It was an elegant form of self-defense that the aristocrats made of savate. Aesthetics became as important as the effectiveness of the system itself. And so great emphasis was placed on the beauty and rhythm of the movements. Savate took on all the elegance of ballet and the grace of fencing, while retaining the deadliness of an alley fight.
It was this aristocratic insistence on grace and beauty that gave savate a reputation among the uninformed in other countries—most noticeably in the United States—of being something of a “sissified” pastime. Yet nothing could be further from the truth. Japanese karate experts who are familiar with savate, and who have found a number of points of comparison between the kicks of their own art and those of savate, have pronounced the French art as being second only to karate as a fighting system.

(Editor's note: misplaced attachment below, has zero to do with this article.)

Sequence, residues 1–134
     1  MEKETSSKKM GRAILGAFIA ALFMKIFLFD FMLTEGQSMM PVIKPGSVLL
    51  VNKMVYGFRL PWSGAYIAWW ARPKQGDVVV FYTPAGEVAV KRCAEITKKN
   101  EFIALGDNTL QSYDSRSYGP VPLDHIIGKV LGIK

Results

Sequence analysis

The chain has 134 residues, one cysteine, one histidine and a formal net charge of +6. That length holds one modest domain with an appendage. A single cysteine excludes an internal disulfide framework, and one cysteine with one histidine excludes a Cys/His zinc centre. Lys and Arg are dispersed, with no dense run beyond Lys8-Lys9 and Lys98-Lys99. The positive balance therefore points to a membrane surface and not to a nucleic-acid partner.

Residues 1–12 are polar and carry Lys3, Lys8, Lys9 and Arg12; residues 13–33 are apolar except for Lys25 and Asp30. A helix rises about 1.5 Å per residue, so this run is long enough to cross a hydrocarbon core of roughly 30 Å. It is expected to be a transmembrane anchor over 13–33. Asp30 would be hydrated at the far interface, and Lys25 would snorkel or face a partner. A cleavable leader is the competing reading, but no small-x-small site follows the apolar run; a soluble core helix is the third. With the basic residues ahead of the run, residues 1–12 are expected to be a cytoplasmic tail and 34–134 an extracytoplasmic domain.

Some of the early teachers of savate were colorful characters. One of the first was a man known to us now only as Michael, who was nicknamed “Le Pisseux.” He studied the foot-fighting system of Marseilles called “la savate” and codified the kicks into a new system he called the “art of savate.” He opened a school in La Courtille, where such famous aristocrats as the Duke of Orleans and Milord L’Arsouille came to practice with him.
Another well-known teacher was Louis Vigneron, a man blessed with a huge physical frame and muscles to match. He was called “The Cannon Man” because he used to travel from fair to fair and strap a cannon to his back, which he would fire in demonstrations. He miscalculated one day and succeeded in getting himself killed during a performance.